Trump, Populism, and Anti-Semitic Dog Whistles
Distinguishing between anti-elite populism and coded anti-Semitism is next to impossible.
Donald Trump’s closing advertising message is a much more polished version of the populism he’s been peddling all campaign:
Joe Scarborough really likes it:
GOP candidates who want to win Michigan, OH, PA & the White House in the future should borrow heavily from this ad.https://t.co/X2yka7RlVS
— Joe Scarborough (@JoeNBC) November 5, 2016
Dan Drezner really hates it:
Are you fucking kidding me? https://t.co/Mv6K2TH2UO
— Daniel W. Drezner (@dandrezner) November 5, 2016
Josh Marshall is much more explicit:
From a technical and thematic perspective it’s a well made ad. It’s also packed with anti-Semitic dog whistles, anti-Semitic tropes and anti-Semitic vocabulary. I’m not even sure whether it makes sense to call them dog whistles. The four readily identifiable American bad guys in the ad are Hillary Clinton, George Soros (Jewish financier), Janet Yellen (Jewish Fed Chair) and Lloyd Blankfein (Jewish Goldman Sachs CEO).
The Trump narration immediately preceding Soros and Yellin proceeds as follows: “The establishment has trillions of dollars at stake in this election. For those who control the levers of power in Washington [start Soros] and for the global [start Yellen] special interests [stop Yellen]. They partner with these people [start Clinton] who don’t have your good in mind.”
For Blankfein: “It’s a global power structure that is responsible for the economic decisions that have robbed our working class, stripped our country of its wealth and put that money into the [start Blankein] pockets of a handful of large corporations [stop Blankfein] and political entities.”
These are standard anti-Semitic themes and storylines, using established anti-Semitic vocabulary lined up with high profile Jews as the only Americans other than Clinton who are apparently relevant to the story. As you can see by my transcription, the Jews come up to punctuate specific key phrases. Soros: “those who control the levers of power in Washington”; Yellen “global special interests”; Blankfein “put money into the pockets of handful of large corporations.”
I must confess, even as a die-hard #NeverTrump guy who has grudgingly endorsed Clinton, I just don’t hear it. The nature of dog whistles is that they’re only audible to those tuned to the frequency. Perhaps my ears just aren’t.
On the late, lamented “Colbert Report,” Stephen Colbert played a caricature of a ring-wing talk show host. Among his many tropes was “I don’t see color.” Having spent most of my life in the South, I certainly see color. But anti-Semitism has to be extremely overt for me to notice it, in that I’ve always viewed all but the most ostentatiously Orthodox Jews as “white people.”
Certainly, the Trump campaign has attracted the enthusiastic support of something called the “alt-right,” a phenomenon of which I was completely unaware until a few months back. And there has been a widespread and ugly attacking of Jews on social media this cycle of the likes I’ve never seen. I’ve experienced it second-hand, mostly by virtue of Dan’s Twitter feed.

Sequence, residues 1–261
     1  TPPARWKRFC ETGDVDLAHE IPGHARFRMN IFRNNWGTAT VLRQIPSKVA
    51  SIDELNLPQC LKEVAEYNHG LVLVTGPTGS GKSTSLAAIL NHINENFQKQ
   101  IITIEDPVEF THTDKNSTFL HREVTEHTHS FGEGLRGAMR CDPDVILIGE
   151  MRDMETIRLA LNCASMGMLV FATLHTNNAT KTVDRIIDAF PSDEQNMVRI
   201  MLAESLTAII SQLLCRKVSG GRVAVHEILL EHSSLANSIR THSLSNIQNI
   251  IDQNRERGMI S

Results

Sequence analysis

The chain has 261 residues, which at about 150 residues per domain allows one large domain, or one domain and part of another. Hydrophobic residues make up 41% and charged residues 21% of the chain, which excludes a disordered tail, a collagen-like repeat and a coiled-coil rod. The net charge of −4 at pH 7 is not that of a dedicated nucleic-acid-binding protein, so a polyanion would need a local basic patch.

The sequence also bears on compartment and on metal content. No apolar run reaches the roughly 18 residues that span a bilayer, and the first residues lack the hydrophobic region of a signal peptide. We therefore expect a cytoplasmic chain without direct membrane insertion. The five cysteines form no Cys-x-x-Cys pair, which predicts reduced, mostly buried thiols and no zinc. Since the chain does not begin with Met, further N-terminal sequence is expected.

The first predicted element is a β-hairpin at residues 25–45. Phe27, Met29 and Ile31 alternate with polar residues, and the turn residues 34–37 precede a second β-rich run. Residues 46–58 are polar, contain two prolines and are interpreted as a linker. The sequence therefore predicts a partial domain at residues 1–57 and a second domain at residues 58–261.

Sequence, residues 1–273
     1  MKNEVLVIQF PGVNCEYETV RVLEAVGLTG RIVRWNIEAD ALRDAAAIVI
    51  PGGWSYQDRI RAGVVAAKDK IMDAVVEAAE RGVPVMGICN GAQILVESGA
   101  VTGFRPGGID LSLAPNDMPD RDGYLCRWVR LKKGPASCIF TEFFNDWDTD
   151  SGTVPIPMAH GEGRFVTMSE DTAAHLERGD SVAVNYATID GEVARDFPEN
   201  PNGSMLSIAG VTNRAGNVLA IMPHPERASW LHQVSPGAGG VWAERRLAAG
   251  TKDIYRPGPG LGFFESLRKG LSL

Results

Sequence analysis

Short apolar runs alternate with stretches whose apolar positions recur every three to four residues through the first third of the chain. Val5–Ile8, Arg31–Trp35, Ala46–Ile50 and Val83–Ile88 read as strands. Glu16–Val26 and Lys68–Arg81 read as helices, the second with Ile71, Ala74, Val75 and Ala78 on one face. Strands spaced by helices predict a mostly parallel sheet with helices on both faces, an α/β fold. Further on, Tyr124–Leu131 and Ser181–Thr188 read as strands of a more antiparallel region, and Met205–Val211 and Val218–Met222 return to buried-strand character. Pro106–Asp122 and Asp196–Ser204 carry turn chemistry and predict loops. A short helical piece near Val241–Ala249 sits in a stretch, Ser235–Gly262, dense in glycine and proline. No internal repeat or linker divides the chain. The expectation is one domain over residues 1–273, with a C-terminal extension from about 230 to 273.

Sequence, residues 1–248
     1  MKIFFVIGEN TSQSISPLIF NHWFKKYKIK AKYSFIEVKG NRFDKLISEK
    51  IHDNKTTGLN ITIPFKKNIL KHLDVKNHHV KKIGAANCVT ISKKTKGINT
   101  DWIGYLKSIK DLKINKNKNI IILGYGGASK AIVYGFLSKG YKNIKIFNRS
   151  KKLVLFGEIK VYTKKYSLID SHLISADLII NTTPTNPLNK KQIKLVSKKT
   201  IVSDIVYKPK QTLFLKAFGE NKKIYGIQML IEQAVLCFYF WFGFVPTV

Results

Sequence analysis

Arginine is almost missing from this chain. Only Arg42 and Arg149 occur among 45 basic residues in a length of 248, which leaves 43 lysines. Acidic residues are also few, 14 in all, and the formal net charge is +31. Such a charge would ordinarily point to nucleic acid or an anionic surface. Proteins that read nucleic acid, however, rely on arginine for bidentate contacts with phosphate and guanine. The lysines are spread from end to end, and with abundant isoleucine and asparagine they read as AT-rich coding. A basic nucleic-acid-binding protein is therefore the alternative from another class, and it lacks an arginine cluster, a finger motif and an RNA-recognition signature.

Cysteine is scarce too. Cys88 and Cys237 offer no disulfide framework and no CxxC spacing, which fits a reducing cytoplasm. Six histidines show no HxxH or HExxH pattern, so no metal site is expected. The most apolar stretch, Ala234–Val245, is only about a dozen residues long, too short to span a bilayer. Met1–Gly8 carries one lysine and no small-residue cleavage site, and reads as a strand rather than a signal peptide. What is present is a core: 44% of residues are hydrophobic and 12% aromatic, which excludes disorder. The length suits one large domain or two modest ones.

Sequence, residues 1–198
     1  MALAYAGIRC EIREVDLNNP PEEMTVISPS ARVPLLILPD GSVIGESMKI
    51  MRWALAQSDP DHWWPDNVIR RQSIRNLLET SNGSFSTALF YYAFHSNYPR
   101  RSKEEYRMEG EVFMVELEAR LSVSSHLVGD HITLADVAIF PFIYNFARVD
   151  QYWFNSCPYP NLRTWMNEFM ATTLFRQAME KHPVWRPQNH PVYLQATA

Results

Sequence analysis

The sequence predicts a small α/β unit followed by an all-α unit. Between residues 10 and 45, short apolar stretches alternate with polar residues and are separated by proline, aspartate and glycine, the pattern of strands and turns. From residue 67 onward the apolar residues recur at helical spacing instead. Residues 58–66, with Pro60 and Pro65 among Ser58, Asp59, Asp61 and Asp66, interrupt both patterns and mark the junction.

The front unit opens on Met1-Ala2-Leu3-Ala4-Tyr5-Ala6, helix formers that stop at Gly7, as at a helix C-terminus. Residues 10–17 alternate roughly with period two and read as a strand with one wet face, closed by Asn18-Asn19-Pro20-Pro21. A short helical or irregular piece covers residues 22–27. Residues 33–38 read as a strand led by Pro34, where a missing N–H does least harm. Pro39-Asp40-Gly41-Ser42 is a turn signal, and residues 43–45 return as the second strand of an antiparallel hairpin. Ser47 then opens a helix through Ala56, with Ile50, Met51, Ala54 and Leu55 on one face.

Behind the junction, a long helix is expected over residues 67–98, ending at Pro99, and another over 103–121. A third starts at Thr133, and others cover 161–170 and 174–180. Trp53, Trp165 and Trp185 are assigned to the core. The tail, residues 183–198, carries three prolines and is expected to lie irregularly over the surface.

Yet, while I see Trump’s bashing of Mexicans and Muslims as extreme nativism at best and racism at worst, I don’t see him overtly bashing Jews.
The attacks on a “global power structure” and “large corporations” who are “robb[ing] our working class” seem very much out of Bernie Sanders’ and Elizabeth Warren’s playbooks. It’s pure economic populism. And Sanders is Jewish.
But, again, when I see a picture of Janet Yellen, I don’t think “Jew.” Ditto George Soros. I wouldn’t know Lloyd Blankfein if I ran into him in the lobby at Goldman Sachs (which is exceedingly unlikely; I’m not even sure they have a lobby). His name is sufficiently unusual that it triggers a Jewish association in a way that “Yellen” and “Soros” don’t.
The same, I think, is true of Scarborough, who’s roughly my contemporary and a fellow graduate of The University of Alabama. (Roll Tide!)
I announced in 12/15 that I wasn't voting for Trump because of the Muslim ban. I don't get the dog whistles but that's not saying others do. https://t.co/u2ICOYHH9A
— Joe Scarborough (@JoeNBC) November 6, 2016
I consider Lloyd a friend. I respect Soros and Yellin. I admire Merkel. My only point is our economic system is stacked against workers. https://t.co/bgI3NawBvH
— Joe Scarborough (@JoeNBC) November 5, 2016
Drezner and Scarborough have a good exchange on the economic populism issue following the initial salvo above; I won’t reproduce it here but commend it to you. While I don’t particularly like the ad in question—even presuming any anti-Semitic messaging was unintentional—I agree with Scarborough that the key to a viable Republican party is figuring out a way to cater to the very real needs that Trump, Sanders, and Warren have tapped into while simultaneously being inclusionary. The Trump ad moves in that direction, in that, absent the baggage of Trump and his campaign, it’s a message that could appeal to working class blacks and Hispanics just as well.
The problem, as Drezner and I note in the exchange, is that it’s very difficult, indeed, to craft an inclusionary populist message. Almost by definition, populism is anti-elite. Which gets us back into the “dog whistle” issue. The fact that Jews are well represented in elite sectors like finance, law, entertainment, journalism, and the academy means attacks on these sectors could well invoke anti-Semitic reactions. I don’t know how we can disentangle that.